CHATHAM – A mural covering an entire wall inside the new Chatham Filling Station captures the atmosphere that owners Ric and Caren Morse hope to foster in their new diner. The colorful painting by Helen Kelsey, from the point of view of a customer sitting at the counter as a waitress pours a steaming cup of coffee, shows a busy eatery with quirky waitstaff, happy customers and a lot of Chatham-related imagery, from sharks and seals to fishing boats, the CG36500 and even a lone skydiver.
“There's a lot of fun stuff going on” in the mural, says Ric, who came up with some of the ideas for the content. “We want this to be a happy, fun place.”
The Morses wanted the 60-seat Chatham Filling Station to reflect the classic American roadside diner plucked from yesteryear, with “wholesome, hearty, affordable and tasty” food and all the accouterments, including counter seats, milk shakes, and staff members named Flo and Ace (all female staffers workshirts will, in fact, bear the name Flo and the men's will be emblazoned with Ace). Alas, there's no gas pump, though there's a spiffy one in the mural and the couple is on the lookout for a vintage pump to enhance the theme.
The new restaurant is scheduled to open Memorial Day weekend. It won't be the Morses' first venture into the Chatham market.
From 2001 to 2006, they owned and operated the Chatham Bakery. For the next decade, they operated Zia Pizza in East Orleans.
“That place was really a labor of love,” said Ric.
Last September they sold Zia for “qualify of life” reasons. With Caren and Ric sharing the opening and closing duties, they were missing time with their 11-year-old daughter and wanted to spend more time together as a family. The Chatham Filling Station will serve breakfast and lunch from 7 a.m. to 2:30 p.m., allowing the couple to both be able to catch their daughter's sports games.
With its focus on breakfast and lunch, the new restaurant will in a way hearken back to Caren's earlier days at Chatham Bakery, and before that, when she ran her own pastry business on Nantucket. After selling Zia, the couple looked at a few places along those lines, until their realtor told them that the Old Harbor Cafe might be coming on the market.
“I had always had an eye on the place back when we owned the bakery,” Caren said, so when they heard it might be available, “it just felt like it was meant to be.”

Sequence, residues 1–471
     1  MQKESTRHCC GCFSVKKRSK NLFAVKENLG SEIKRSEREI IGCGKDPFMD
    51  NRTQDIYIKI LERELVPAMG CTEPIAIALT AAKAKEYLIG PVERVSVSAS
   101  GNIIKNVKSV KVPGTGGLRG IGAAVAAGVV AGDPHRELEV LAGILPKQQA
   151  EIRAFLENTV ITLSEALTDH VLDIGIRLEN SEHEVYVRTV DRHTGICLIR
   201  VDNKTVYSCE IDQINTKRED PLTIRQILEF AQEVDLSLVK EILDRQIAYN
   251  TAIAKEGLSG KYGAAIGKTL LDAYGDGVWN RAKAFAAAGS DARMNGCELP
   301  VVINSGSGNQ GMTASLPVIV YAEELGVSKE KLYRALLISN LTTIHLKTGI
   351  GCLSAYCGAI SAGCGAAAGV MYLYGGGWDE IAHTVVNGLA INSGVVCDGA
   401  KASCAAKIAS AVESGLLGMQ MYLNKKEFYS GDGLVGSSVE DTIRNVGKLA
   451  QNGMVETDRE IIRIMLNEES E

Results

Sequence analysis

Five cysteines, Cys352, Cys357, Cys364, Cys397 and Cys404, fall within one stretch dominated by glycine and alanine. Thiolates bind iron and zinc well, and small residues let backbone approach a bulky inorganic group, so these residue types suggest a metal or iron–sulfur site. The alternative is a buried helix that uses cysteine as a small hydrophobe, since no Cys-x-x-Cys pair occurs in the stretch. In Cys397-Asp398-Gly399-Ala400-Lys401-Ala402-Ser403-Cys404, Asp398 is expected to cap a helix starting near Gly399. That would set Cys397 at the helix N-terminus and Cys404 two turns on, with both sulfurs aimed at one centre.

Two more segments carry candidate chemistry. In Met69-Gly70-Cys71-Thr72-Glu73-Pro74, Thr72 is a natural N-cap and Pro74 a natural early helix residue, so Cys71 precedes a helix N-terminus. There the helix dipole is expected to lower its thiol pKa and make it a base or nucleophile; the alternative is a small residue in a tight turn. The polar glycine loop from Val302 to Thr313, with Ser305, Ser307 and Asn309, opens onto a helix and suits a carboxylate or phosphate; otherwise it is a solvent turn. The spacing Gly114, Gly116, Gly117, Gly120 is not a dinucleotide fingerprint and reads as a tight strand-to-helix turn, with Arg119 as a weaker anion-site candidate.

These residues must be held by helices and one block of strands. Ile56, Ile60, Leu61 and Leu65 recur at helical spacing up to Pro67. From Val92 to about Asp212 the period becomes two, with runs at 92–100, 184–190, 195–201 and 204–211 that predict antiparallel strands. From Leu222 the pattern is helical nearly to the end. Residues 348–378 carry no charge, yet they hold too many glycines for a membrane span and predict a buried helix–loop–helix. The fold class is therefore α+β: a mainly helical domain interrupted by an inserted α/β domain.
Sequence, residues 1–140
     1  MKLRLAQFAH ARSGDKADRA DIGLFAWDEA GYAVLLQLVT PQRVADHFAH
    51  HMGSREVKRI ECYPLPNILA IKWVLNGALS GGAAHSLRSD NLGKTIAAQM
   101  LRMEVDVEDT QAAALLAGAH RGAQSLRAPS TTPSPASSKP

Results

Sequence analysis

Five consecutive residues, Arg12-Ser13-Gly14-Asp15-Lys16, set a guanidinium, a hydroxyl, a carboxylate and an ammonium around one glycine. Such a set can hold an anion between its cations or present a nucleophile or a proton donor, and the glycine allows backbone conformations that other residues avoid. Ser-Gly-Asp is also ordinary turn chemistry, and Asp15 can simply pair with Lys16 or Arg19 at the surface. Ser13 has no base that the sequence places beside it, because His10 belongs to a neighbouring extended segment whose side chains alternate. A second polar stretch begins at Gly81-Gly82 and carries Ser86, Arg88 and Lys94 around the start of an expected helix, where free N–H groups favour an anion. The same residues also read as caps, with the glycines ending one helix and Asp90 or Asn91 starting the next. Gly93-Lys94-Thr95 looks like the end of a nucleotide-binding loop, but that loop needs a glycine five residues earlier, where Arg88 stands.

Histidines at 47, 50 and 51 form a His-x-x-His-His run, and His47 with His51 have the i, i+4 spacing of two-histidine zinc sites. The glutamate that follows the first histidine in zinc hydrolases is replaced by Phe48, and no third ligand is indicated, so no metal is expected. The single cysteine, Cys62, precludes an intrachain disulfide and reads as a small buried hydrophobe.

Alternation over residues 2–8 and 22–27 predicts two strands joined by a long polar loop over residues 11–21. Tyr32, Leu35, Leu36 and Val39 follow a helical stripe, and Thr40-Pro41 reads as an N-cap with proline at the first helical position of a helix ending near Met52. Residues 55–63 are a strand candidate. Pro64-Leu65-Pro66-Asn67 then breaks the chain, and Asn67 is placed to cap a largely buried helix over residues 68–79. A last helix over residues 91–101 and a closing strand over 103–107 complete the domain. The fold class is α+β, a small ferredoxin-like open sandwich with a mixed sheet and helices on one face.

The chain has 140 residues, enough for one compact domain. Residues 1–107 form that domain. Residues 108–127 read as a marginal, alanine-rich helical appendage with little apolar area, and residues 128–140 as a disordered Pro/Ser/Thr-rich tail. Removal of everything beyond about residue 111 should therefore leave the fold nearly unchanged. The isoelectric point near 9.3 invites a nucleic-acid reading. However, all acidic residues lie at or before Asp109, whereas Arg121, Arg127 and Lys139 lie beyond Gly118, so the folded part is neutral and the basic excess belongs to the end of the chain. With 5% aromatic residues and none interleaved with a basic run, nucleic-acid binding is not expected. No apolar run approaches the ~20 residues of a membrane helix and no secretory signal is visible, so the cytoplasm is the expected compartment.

They particularly like the location at 75 Old Harbor Rd., just a block from the downtown rotary. It shares the neighborhood with the community center, Veterans Field and playgrounds, all of which fit into the Americana concept they came up with.
“We're just smack in the middle of it all,” said Ric.
Menu items will include the usual diner fare but will also reflect regional variety with dishes like the Cincinnati club, Carolina grits and Denver omelet. Echoing the roadside diner theme, the kids menu will include a grease monkey sandwich (peanut butter and banana). There will be plenty of breakfast pastries, breads and biscuits, “but no donuts,” Caren said. Desserts will have “homespun” themes, focusing on cakes and pies.
“We want somebody to get something different than just a plate of eggs and toast,” Ric said, adding that freshly-made popovers will take the place of toast as a standard side.
During a recent visit, the diner was buzzing with workers installing a point of sale system. Seatless chairs cluttered the floor waiting for new coats of paint. The counter is a holdover from the Old Harbor Cafe but it's been raised to give it a more old fashion soda fountain feel. They pulled up the entire floor – discovering several layers of vinyl tile, Ric said – and put down a new epoxy surface with a warm paint-splatter accent.
Caren, originally from Illinois, and Ric, who grew up in Cincinnati but moved to Vermont when he was 11, met one summer on Nantucket when both worked at the American Seasons restaurant. They bought the Chatham Bakery with the proceeds from Caren's pastry business.
The couple hopes to appeal to local residents, especially families, and will keep The Chatham Filling Station open year-round.
“We're here for the locals, seven days a week,” Ric said. “We want to be embraced by locals and have them rediscover this little gem of a spot in the middle of Chatham.” They're hiring local residents – including two people who had their first job with them at the Chatham Bakery – and are excited about their newest venture.
“We're happy to be back in Chatham,” Ric said.